I’m still singing the praises of LinkedIn as a tool to recruit to Soroptimist International.
Through it, I am connected to Dr Rupinder Kaur who lives in Pune, India. She is an Executive Coach, Inclusion Strategist and a Veteran. I follow her blogs and this week she posted a blog that struck a chord with what we are trying to do.
“It’s so easy for us to feel that we don’t count, that we are not significant that we are less than, and we hear it all the time at our homes, in our schools, at workplaces.
I feel that anything that you do for the upbuilding of humanity is significant no matter how small you think it is. All of the people of the world cannot do the so‐called big things. Some of us will have to be content to do the so-called little things, but we must do the little things in a big way.
We must do the ordinary things in an extraordinary manner.”
As Soroptimists, our seemingly ‘little things’ amount to so much more when they are recorded on our database and used as evidence by United Nations to influence global government policy.
As I talk to members across our Federation, I get the feeling that some members of longer standing think they are not contributing. By being members, you are contributing. By meeting together and discussing the needs of women and girls, you are contributing. By collectively taking food to the food bank, donating Easter Eggs to refugee children, by signing petitions on issues for women and girls, you are contributing.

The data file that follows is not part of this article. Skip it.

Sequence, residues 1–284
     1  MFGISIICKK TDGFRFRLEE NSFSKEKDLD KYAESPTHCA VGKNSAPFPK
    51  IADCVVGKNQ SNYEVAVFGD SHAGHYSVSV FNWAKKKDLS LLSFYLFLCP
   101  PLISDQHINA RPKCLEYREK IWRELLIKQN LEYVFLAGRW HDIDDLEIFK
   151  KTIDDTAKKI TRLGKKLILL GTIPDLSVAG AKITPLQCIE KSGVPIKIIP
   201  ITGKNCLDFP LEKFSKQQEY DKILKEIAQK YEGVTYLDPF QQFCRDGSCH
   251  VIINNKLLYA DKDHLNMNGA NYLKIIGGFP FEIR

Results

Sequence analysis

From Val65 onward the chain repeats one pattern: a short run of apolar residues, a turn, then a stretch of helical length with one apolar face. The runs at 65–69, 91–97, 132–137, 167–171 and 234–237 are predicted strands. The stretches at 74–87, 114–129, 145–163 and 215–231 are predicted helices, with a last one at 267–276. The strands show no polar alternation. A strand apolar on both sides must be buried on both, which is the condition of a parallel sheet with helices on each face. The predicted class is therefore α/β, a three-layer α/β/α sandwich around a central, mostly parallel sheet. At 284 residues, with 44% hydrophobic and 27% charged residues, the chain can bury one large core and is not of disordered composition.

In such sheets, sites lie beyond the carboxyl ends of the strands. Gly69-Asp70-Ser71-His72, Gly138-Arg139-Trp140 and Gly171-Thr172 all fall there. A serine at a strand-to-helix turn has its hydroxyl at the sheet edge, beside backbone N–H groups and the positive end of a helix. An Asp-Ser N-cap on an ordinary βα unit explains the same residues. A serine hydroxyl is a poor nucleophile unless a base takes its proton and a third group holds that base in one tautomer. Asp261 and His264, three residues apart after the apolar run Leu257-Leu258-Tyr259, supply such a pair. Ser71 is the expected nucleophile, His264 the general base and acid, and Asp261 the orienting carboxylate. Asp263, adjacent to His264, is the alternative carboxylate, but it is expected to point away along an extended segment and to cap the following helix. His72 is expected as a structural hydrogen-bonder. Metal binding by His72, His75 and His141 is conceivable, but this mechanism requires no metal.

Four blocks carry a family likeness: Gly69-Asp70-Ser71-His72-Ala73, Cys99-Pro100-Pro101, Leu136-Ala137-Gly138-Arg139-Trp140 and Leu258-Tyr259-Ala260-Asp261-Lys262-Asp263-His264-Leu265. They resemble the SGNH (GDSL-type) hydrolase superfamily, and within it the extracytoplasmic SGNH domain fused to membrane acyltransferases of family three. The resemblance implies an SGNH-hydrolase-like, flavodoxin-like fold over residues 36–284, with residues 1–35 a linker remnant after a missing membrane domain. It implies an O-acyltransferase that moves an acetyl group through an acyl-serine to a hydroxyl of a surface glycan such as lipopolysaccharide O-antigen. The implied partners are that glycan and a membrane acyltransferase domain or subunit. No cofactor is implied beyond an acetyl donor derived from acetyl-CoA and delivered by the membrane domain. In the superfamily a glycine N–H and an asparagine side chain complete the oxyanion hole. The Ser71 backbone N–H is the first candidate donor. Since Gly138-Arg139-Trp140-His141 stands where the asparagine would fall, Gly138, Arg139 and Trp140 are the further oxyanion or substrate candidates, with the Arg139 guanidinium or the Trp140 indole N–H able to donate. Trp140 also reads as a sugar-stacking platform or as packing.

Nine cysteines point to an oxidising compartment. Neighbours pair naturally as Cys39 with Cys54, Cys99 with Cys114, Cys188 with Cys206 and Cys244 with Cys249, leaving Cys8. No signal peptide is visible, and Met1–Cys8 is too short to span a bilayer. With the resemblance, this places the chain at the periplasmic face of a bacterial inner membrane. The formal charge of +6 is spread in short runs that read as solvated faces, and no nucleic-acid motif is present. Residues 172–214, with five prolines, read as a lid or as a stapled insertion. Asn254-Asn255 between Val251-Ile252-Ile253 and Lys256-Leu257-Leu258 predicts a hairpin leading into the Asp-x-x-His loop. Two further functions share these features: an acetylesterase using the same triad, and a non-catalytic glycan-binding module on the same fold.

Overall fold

Newer members are living and working in the world of today and are able to connect with local networks of women. Many of those networks are collectively doing ‘big things’ but that gets lost without it reaching our database. The world of business is recognising that it must add social value as well as the product it sells. That’s the ‘offer’ we have as Soroptimists as we embark on May Membership Month.
Now is the time to get ourselves into our communities and be seen having the significant conversations. Wearing orange when you are out on the 25th of each month is one of the ideas from you. But, be bold. As Soroptimists we are significant, make sure that as many of our communities as possible know what we do.
“You become like the squirrel who stood before the mountain one day.
He looked up and noticed its gigantic peaks and its curvaceous slopes.
He stood back and said, all is well and wisely put.
If I cannot take a forest on my back neither can you crack a nut.”